On Discourse: Climate Change


I recently joined a student led and run Facebook group for my university (it’s mostly a “shitposting” forum with some decent posts and gems hidden inside). This coincided with the climate strike last Friday, and so there was a lot of buzz about the protest in the city. While I am all for free speech and even enjoy a worthy shitpost (including those against the strikes), it was the occasional disinformation and vitriol that caught my eye.

I believe everyone, regardless of their position, has the right to express what they think. However, there are some basic standards that should apply to all legitimate discourse, and particularly when it comes to discussing political and environmental matters. One can choose to disregard these, but do not expect a constructive or positive response from those who oppose your viewpoints.

Of course, many of the posts in the context of this page were supposed to be humourous and ironic, and I see no harm in that even if I don’t find it as appealing as others. So it wasn’t the people who make jokes, or even those who try to get a reaction from a crowd, that I was concerned with. It was those who, in the comments or on posts beyond the simple ‘humour’ label, actually ran with the ideas and either propagated falsehoods or resorted to pathetic attempts of, to put it bluntly, bullying.

The first standard is to stay within the realm of reality, evidence, and fact. While denying climate change and/or mankind’s impact on its progression is an indefensible position, if you are going to attempt it you must stick to truth. Once you begin resorting to vague conspiracies or outright falsehoods, people will rightfully call you out on it. Whether out of legitimate ignorance or wilful denial, spreading misinformation has no place in a genuine discussion, especially when information is so widely available and proven.

Some examples. There is no elite force pulling strings behind the climate activism taking place around the globe. To the contrary, the elite, including the so-called ‘liberal elite’, and the governments they back (such as the US Democrats, Canada’s Trudeau, France’s Macron, etc.) have been heavily behind the campaign to suppress knowledge about climate change. “Liberal” politicians do put a positive spin on things these days, but policy is nowhere near good enough. As far back as 1954 we had studies on human impact on the climate, and since then money has flowed into governments and media outlets from the fossil fuel giants who helped carry out the studies.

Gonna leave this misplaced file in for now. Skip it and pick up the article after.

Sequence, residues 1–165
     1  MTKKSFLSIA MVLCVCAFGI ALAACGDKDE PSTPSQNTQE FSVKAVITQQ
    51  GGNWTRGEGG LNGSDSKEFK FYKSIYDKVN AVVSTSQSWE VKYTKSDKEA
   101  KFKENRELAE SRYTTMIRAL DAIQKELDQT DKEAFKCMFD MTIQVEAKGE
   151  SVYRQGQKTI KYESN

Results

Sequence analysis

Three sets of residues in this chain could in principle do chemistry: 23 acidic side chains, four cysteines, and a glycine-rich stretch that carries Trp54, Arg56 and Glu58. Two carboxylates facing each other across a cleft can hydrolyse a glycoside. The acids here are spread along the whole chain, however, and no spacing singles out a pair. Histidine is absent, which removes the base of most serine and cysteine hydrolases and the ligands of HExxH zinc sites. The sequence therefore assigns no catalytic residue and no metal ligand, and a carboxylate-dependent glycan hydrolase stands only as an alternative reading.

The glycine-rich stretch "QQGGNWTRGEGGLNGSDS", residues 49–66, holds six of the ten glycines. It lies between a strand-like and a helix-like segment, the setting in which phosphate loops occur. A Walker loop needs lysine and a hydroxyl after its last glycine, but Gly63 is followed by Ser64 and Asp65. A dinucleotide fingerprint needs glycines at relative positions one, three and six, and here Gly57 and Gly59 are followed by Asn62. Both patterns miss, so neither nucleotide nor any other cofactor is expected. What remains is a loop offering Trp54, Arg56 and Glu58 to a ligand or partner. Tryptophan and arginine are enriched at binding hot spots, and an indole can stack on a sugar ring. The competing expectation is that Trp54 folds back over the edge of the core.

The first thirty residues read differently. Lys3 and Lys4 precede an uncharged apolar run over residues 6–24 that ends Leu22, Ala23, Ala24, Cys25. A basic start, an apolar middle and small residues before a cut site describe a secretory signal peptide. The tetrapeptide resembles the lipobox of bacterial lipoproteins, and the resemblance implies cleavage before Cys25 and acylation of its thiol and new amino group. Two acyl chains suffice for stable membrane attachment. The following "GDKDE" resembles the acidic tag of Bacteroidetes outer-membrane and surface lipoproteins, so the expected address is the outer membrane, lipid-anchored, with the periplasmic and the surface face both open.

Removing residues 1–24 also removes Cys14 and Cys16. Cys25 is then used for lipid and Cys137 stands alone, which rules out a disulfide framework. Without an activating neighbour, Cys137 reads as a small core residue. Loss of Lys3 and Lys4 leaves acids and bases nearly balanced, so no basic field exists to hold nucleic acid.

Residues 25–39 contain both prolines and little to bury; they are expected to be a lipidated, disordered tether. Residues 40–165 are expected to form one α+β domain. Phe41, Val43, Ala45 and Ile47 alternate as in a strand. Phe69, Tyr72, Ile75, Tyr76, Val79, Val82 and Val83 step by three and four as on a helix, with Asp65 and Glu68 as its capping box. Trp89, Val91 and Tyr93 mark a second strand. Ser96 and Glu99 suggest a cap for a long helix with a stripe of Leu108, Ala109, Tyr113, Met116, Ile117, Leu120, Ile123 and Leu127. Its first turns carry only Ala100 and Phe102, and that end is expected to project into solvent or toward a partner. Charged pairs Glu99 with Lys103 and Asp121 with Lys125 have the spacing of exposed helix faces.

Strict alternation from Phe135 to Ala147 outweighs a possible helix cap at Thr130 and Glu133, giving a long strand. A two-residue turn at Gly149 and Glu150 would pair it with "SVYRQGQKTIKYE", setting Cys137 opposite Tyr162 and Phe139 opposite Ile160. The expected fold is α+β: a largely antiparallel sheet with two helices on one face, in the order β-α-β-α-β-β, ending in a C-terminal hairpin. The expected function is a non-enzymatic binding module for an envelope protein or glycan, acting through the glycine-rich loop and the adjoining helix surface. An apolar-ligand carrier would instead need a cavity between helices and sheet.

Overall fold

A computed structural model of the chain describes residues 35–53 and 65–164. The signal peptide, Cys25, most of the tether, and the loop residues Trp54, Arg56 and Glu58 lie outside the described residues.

One person took the claim further and said it was a ploy to give the State further powers and to keep third-world countries poor. The former is easy to dispute – the calls last Friday and well before then have all been to give power to the people, not the State. It is the State in many countries that subsidies fossil fuels to the tune of trillions of dollars a year; no one wants the State to maintain power, particularly in this context.

On the third-world, this is interesting because it’s another case of picking a mild truth and then swerving way off the mark in diagnosing the causes. The elite do indeed work to keep the developing world poor and under heel, but that is a system that has existed well before climate change was even conceived. Further, if the elite really were on the side of the climate protestors, then the third-world would stand to benefit from it, as they are the ones who are suffering the most due to our neglect.